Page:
What to expect in China in 2022

2022 will be a year of slower growth in China as the property and export sectors weaken and structural constraints loom larger. A desire to keep a grip on credit risks will inhibit the policy response to the slowdown. Xi Jinping’s decision not to step aside when his second term as Party leader ends will cement China’s shift to a more autocratic style of policymaking, with productivity growth likely to decelerate further as a result. And 2022 may be the year in which China’s population starts to go into decline.
Mark Williams Chief Asia Economist
Continue reading

More from China

China Economic Outlook

Cyclical trough, tepid rebound

China will be buffeted in the first half of 2022 by COVID outbreaks and a further slowdown in property construction. Policy support should improve the picture later in the year, but mounting structural headwinds will limit the extent of any rebound. Drop-In (08:00 GMT/16:00 HKT, 27th Jan): China Outlook – Cyclical trough, tepid rebound. Join Mark Williams and Julian Evans-Pritchard for a discussion about China’s economic and policy outlook this year. Register here.

26 January 2022

China Activity Monitor

Starting 2022 on the back foot

Our China Activity Proxy (CAP) suggests that China’s economy was still struggling to regain momentum at the end of last year amid troubles in the property sector and recurrent COVID outbreaks which continue to depress service sector activity. We think these headwinds will continue to hold back activity during the first half of this year.

24 January 2022

China Economics Weekly

Some relief for property developers

This week’s cut to policy rates is one of a succession of recent moves designed to stabilize residential property sales. Developers have also been given a little more breathing room in terms of their access to financing. These steps may not feed into a recovery in project starts, given the poor structural outlook for property demand. But they improve the immediate outlook for many developers. Meanwhile, Tianjin’s Omicron outbreak appears to be under control and COVID cases nationally have dropped to a two-month low. That appears to be encouraging slightly more people to make the trip home for Lunar New Year than a year ago. We’ll be discussing our expectations for policy, zero-COVID and the economy on Thursday (08:00 GMT/16:00 HKT) in an online briefing timed to coincide with publication of our next Outlook report. Please register here to join us and let us know in advance of any questions you’d like us to address.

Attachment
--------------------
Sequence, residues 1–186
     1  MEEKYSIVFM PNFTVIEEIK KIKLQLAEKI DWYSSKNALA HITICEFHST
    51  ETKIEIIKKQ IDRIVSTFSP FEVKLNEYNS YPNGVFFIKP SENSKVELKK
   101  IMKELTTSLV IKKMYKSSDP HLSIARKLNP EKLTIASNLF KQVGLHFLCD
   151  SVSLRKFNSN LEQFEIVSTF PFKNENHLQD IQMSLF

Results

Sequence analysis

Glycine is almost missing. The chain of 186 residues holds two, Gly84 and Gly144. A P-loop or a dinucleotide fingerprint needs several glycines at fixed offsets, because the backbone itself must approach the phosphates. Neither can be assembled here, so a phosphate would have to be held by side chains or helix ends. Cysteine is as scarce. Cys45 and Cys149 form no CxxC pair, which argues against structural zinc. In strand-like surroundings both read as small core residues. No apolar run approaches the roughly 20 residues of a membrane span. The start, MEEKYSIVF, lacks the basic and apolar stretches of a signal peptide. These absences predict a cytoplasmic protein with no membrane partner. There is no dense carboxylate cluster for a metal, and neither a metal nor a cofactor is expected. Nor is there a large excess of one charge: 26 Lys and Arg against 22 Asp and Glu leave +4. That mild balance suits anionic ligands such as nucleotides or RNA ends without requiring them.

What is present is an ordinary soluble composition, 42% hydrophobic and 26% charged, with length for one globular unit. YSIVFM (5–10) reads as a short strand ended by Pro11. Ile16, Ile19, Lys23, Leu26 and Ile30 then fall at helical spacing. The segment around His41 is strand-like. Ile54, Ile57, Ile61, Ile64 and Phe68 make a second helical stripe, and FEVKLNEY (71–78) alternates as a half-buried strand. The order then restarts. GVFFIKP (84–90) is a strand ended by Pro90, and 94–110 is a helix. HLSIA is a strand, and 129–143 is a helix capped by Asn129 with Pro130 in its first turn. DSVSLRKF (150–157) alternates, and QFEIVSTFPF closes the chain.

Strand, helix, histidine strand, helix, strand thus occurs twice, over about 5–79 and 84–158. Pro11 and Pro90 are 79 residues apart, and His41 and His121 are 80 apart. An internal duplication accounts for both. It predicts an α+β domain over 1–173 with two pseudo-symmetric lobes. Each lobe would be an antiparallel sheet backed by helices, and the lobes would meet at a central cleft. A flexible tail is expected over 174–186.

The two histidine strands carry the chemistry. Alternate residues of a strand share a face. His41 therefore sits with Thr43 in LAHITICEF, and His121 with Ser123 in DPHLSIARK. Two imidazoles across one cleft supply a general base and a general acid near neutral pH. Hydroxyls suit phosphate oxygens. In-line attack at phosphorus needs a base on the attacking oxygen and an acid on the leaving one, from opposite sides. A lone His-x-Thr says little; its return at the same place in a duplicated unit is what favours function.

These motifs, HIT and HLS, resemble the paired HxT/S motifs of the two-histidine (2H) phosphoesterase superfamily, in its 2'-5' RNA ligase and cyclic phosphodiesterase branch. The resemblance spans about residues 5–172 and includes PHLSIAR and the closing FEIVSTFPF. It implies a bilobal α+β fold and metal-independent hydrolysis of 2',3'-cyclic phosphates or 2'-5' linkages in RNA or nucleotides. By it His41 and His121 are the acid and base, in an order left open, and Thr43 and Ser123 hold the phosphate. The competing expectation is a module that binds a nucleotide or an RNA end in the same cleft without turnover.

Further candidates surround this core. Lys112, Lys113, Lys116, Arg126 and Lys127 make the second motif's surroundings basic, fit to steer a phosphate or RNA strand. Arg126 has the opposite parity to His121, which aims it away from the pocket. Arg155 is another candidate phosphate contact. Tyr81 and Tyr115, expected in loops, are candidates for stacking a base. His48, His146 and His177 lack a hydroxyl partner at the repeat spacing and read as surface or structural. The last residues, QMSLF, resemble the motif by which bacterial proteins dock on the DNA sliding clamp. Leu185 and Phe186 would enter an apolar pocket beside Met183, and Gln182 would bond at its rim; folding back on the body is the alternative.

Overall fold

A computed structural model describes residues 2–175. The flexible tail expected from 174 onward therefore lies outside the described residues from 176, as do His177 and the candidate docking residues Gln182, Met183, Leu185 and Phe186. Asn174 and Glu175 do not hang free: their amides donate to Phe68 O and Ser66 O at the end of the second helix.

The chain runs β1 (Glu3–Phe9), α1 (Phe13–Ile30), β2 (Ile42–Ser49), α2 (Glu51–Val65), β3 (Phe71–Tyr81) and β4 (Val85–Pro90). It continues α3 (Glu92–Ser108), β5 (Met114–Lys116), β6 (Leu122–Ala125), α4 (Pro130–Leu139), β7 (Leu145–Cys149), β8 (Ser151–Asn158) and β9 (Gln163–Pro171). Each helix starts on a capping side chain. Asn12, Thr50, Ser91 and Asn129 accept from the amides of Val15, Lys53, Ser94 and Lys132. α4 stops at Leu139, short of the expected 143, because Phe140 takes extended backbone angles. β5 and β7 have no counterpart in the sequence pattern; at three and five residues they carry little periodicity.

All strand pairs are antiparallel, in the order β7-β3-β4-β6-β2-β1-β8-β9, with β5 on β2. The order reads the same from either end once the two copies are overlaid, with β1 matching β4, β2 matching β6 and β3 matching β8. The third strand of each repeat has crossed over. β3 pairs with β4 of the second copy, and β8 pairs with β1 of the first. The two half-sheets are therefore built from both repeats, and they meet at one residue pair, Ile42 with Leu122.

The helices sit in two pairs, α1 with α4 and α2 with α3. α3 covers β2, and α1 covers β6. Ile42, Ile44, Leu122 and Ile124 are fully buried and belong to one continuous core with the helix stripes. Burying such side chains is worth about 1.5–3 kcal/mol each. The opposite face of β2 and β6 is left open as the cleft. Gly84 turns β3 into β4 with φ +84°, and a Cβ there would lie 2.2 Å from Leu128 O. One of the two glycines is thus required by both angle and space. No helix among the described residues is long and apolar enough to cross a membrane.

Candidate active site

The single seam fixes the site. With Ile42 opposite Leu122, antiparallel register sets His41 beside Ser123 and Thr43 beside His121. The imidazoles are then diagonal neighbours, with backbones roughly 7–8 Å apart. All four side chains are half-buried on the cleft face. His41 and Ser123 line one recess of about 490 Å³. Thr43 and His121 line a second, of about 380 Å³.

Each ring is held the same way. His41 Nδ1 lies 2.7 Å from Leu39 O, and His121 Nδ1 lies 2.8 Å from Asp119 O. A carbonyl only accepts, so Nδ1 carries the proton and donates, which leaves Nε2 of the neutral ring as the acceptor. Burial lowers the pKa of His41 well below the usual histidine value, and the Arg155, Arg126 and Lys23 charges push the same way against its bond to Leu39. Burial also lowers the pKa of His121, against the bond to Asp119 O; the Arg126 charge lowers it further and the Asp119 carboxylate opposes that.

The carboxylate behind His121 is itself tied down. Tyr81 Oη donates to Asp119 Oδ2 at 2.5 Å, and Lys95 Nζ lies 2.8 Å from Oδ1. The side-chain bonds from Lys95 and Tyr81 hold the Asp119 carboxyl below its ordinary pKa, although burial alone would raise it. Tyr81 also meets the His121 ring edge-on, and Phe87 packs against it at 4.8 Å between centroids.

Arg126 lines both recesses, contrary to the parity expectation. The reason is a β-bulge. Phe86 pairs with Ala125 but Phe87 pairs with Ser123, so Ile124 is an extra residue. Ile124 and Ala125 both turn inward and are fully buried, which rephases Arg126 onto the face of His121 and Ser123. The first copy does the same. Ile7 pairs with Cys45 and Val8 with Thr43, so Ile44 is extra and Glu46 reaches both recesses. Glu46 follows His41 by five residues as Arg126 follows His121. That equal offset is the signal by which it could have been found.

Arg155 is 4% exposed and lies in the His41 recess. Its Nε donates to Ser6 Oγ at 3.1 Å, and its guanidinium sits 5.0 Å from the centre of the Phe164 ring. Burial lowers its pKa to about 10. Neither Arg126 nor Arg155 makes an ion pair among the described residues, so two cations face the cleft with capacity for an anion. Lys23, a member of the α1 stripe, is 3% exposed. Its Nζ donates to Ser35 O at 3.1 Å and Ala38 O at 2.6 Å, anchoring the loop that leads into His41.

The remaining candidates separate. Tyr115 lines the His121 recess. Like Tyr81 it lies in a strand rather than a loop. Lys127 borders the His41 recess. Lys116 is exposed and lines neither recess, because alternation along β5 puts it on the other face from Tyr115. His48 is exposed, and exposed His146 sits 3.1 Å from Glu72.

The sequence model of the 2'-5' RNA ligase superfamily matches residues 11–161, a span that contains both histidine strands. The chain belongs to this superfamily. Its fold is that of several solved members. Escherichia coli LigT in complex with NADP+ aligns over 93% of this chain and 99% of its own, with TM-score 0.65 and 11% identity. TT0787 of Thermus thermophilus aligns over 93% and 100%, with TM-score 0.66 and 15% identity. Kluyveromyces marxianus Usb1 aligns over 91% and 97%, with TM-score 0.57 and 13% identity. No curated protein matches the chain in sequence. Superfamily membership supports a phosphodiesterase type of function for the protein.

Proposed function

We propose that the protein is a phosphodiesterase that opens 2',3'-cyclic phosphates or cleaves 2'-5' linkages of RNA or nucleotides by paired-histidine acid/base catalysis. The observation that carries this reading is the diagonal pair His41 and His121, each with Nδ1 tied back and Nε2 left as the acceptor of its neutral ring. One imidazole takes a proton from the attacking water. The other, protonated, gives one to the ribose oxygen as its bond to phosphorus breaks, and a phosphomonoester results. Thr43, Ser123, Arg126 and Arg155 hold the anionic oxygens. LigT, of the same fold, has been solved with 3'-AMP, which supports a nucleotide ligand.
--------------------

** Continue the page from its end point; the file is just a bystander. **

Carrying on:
21 January 2022

More from Mark Williams

China Chart Book

The People’s Bank is not pleased

The People’s Bank purchased nearly $6bn in foreign exchange last month, by our estimate. That’s not much in the context of China’s cross-border trade and investment flows. But it was the biggest purchase in six years. Then, earlier this month, while cutting the reserve requirement applied to renminbi-denominated deposits, the PBOC raised the reserve requirement for foreign currency accounts. That is likely to have prompted a transfer of close to $20bn in foreign exchange from commercial banks to the central bank. Both moves are overt signals that the PBOC is unhappy with the strength of the renminbi. In recent years, the PBOC has hidden its interventions: the breakdown of the previously-tight relationship between banking system net FX settlement and PBOC net FX purchases suggests that some other entity was intervening on the PBOC’s behalf. Now though, the PBOC appears to want its efforts to stem the renminbi’s strength to be known. We think it will get its way, and expect the renminbi to weaken from 6.37/$ now to 6.90/$ at the end of next year.

22 December 2021

China Activity Monitor

Virus disruption compounding property strains

China’s economy started 2021 above its pre-pandemic path of output, thanks to stimulus and surging global export demand. Our China Activity Proxy (CAP) suggests that the economy is ending the year well below the pre-pandemic path as a boom in construction activity has gone into reverse and small but recurrent COVID outbreaks continue to depress service sector activity. These headwinds will continue into 2022.

20 December 2021

China Economics Update

Easing cycle has further to run

The People’s Bank has taken another modest easing step with a 5bp reduction to the One-Year Loan Prime Rate, although it kept the Five-Year rate on hold. We expect more easing to follow in the coming months.

20 December 2021
↑ Back to top